Impact Story

Exploring how to improve wellbeing for urban refugees and their hosts

Published on 6 August 2019

Huge numbers of people continue to flee the world’s most intractable conflicts. Many of these refugees are not destined for camps, but are increasingly channeled into urban informal settlements, chiefly in developing countries. With few signs of this abating, IDS has been working to improve understanding of urban refugees’ wellbeing.

‘Young Syrian refugees play at a water distribution point in the Fayda informal settlement in the Bekaa Valley.’ © Andrew McConnell/Panos Pictures

Three projects at IDS on refugees in urban situations are producing evidence for policymakers, informing practitioners and engaging the public. Their output contributes to Global Goal 16 (peaceful societies, inclusive and accountable institutions) and 11 (safe, secure and inclusive cities).

Most recent figures suggest that more than 68 million people have been forcibly displaced worldwide. Refugees – those escaping conflict and persecution – account for 25.4 million of this total. Most refugees (58 per cent) end up in urban areas, often among the host country’s most impoverished populations.

Filling an evidence gap

How the host country receives refugees – through policies, programmes and implementation – could significantly influence their wellbeing and that of host communities. Yet little research has tested the impact of these ‘modalities of reception’ – a gap that IDS researchers sought to fill with the Wellbeing of Refugees project, on Syrians in Jordan and Lebanon.

Both these small states have taken in more than a million Syrian refugees each – a 20 to 23 per cent hike to their populations, which already include historic Palestinian refugees and other migrants.

By looking at housing, legal status and economic participation, IDS researchers and partners found clear and unequal wellbeing outcomes arising from how both countries treated refugees.

Their findings were shared at national policy workshops in Amman and Beirut with a wide range of policymakers, practitioners and stakeholders including government and UN-Habitat. The findings were also presented to audiences in Paris and London (at the Global Alliance for Urban Crises) and Oslo (at a symposium on Urban Displacement).

Multi-partner project for peaceful relations

Cascading from that work, the Public Authorities and Legitimacy-Making (PALM) project began in December 2018 to explore how diverse public authorities in Jordan and Lebanon have contributed (or not) to peaceful host–refugee relations.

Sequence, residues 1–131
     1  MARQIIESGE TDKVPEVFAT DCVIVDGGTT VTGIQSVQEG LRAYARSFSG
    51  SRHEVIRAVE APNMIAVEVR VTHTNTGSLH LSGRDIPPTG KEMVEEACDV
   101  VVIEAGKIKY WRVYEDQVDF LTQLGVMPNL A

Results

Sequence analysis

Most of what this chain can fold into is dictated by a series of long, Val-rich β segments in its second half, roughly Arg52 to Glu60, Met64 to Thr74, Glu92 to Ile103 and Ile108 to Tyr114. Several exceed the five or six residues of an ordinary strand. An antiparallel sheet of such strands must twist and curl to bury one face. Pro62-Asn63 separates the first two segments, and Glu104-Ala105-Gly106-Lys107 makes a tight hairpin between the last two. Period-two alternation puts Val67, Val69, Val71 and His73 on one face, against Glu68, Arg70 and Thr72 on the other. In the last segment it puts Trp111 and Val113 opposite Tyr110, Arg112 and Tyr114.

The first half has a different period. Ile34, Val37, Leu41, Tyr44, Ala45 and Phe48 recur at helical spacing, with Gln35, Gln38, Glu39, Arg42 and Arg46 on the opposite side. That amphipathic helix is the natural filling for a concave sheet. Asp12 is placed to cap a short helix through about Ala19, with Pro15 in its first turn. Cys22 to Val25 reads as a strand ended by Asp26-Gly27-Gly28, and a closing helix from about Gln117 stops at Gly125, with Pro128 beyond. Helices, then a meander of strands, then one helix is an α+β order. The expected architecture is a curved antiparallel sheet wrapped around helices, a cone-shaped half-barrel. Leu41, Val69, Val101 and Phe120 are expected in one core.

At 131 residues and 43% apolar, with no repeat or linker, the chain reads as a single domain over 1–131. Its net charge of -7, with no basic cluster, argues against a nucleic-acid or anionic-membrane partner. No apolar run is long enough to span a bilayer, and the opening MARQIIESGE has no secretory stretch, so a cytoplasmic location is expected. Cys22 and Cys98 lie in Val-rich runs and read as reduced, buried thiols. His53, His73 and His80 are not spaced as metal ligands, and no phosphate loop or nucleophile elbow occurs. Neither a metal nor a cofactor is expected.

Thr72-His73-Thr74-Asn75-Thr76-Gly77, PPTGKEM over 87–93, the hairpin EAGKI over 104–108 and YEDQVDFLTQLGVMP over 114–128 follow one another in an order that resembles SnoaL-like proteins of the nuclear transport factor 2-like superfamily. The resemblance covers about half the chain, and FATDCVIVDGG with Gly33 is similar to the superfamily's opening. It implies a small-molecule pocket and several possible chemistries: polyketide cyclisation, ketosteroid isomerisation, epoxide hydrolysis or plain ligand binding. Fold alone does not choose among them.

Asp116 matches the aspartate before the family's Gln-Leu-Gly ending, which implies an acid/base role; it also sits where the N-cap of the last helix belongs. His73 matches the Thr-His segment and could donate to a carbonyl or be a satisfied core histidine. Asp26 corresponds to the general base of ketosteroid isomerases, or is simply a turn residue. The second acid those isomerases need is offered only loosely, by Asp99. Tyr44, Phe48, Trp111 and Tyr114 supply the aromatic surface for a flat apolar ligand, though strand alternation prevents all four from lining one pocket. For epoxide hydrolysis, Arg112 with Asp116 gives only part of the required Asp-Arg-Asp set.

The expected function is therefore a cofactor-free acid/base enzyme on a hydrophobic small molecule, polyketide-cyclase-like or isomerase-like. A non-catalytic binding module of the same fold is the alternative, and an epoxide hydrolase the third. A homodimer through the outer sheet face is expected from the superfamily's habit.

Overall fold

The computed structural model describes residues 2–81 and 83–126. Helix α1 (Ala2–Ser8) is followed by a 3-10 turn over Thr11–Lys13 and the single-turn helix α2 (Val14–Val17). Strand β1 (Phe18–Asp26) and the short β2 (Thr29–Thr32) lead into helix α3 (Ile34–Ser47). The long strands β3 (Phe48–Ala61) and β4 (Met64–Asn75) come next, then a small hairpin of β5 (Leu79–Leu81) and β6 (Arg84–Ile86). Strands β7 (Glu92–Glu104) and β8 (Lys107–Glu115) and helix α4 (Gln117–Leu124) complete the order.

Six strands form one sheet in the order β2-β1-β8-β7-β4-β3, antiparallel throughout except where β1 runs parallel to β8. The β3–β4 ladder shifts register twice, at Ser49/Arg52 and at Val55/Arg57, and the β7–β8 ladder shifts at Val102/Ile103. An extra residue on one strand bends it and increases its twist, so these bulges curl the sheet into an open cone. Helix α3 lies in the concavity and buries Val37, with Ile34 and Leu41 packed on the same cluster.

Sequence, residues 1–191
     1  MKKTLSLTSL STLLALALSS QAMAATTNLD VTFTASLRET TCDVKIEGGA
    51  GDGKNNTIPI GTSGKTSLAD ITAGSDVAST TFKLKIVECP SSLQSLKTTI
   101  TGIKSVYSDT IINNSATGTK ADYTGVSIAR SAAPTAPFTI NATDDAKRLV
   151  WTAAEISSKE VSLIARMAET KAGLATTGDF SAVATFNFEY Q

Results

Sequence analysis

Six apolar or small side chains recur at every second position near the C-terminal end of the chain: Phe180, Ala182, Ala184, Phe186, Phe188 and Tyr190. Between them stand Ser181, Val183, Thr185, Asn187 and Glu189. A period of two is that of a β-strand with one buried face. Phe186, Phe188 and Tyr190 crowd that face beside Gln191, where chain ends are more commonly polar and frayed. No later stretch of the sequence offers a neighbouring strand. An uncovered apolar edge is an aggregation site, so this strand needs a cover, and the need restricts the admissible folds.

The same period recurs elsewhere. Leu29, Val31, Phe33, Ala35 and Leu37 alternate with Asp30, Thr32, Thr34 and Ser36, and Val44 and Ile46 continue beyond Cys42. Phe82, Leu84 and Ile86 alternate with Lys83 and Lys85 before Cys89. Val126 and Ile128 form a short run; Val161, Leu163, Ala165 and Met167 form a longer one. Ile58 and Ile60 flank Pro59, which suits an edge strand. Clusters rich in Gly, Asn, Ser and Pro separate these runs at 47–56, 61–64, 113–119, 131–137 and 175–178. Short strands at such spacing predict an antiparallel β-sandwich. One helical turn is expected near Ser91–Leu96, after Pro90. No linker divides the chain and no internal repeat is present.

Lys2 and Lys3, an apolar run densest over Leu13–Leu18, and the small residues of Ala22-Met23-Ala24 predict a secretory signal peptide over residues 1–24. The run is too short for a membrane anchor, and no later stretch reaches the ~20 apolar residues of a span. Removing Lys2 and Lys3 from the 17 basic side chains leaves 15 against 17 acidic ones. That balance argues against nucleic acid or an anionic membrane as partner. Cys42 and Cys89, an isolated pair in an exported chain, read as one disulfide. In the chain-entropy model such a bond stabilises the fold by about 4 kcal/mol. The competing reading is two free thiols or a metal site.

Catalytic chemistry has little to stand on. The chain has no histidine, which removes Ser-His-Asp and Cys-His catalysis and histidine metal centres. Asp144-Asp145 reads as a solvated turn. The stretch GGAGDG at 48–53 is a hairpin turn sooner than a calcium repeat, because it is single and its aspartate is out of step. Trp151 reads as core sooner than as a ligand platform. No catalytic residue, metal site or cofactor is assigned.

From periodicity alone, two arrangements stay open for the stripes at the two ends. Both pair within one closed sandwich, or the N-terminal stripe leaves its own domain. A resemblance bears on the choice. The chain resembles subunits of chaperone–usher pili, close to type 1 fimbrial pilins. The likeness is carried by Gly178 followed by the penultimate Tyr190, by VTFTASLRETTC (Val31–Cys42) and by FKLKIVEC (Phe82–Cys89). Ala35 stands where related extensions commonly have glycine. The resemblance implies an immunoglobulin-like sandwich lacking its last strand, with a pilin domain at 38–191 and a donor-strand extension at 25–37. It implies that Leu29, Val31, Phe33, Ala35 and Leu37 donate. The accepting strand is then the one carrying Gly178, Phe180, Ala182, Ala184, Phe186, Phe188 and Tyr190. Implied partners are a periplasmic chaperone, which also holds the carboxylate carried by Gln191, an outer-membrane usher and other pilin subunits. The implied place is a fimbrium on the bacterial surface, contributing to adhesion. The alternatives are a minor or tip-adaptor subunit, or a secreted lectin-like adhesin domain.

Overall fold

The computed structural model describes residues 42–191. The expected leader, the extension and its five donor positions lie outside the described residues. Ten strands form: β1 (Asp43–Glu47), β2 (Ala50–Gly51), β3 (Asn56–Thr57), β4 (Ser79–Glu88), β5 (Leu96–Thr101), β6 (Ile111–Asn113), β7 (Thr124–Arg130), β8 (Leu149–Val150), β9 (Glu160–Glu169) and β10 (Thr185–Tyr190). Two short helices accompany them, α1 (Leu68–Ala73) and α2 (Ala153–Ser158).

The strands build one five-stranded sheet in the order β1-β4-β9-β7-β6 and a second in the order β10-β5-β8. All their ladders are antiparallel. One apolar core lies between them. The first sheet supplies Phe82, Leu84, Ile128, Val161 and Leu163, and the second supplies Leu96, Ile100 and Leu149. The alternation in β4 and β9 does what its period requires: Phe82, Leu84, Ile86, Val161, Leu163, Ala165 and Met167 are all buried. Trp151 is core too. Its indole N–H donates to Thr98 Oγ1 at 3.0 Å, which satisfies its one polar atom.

Led by IDS, the PALM project aims to generate evidence-based advice for humanitarian and development practitioners and policymakers to advance peaceful relations, inclusive, legitimate governance, and strengthened human security in host countries.

Due to report in late 2019, this is a distinctly multi-partner initiative – funded by the Netherlands Organisation for Scientific Research/WOTRO Science for Global Development; delivered with Impact Initiatives, ACTED, Occlude and the University of Sussex; and closely involving end-users UN-Habitat (Lebanon), World Vision (Jordan and Lebanon) and the Global Alliance for Urban Crises.

Reaching out to the public

A third IDS project looks further afield to study the means through which displaced people succeed or fail to become part of European and Indian cities – where refugee arrivals have drawn populist backlashes.

Displacement, Placemaking and Wellbeing in the City began in January 2019, taking a cross-disciplinary approach involving architects, urban designers and development specialists to absorb a wide range of knowledge and experiences. The aim is to offer policymakers in urban governance, development agencies and NGOs insights to support greater equity, reduced inequalities and wellbeing in cities; and to engage and better inform the general public.


About this opinion


Related content